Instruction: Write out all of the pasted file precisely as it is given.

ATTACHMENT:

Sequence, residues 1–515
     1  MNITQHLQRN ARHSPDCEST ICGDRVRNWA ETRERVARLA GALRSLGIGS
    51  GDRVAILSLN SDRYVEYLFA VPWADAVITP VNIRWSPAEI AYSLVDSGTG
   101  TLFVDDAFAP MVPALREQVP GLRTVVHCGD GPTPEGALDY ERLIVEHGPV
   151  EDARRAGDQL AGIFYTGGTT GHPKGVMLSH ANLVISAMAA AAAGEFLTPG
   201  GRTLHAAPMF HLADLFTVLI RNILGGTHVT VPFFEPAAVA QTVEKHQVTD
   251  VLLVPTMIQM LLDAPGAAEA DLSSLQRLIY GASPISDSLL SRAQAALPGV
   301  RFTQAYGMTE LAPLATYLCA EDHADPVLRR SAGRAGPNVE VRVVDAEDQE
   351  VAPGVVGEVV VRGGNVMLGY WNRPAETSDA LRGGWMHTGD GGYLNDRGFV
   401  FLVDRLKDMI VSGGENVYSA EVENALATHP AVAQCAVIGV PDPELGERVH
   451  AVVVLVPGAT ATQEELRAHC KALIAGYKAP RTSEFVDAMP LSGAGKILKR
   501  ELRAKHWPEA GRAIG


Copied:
Sequence, residues 1–515
     1  MNITQHLQRN ARHSPDCEST ICGDRVRNWA ETRERVARLA GALRSLGIGS
    51  GDRVAILSLN SDRYVEYLFA VPWADAVITP VNIRWSPAEI AYSLVDSGTG
   101  TLFVDDAFAP MVPALREQVP GLRTVVHCGD GPTPEGALDY ERLIVEHGPV
   151  EDARRAGDQL AGIFYTGGTT GHPKGVMLSH ANLVISAMAA AAAGEFLTPG
   201  GRTLHAAPMF HLADLFTVLI RNILGGTHVT VPFFEPAAVA QTVEKHQVTD
   251  VLLVPTMIQM LLDAPGAAEA DLSSLQRLIY GASPISDSLL SRAQAALPGV
   301  RFTQAYGMTE LAPLATYLCA EDHADPVLRR SAGRAGPNVE VRVVDAEDQE
   351  VAPGVVGEVV VRGGNVMLGY WNRPAETSDA LRGGWMHTGD GGYLNDRGFV
   401  FLVDRLKDMI VSGGENVYSA EVENALATHP AVAQCAVIGV PDPELGERVH
   451  AVVVLVPGAT ATQEELRAHC KALIAGYKAP RTSEFVDAMP LSGAGKILKR
   501  ELRAKHWPEA GRAIG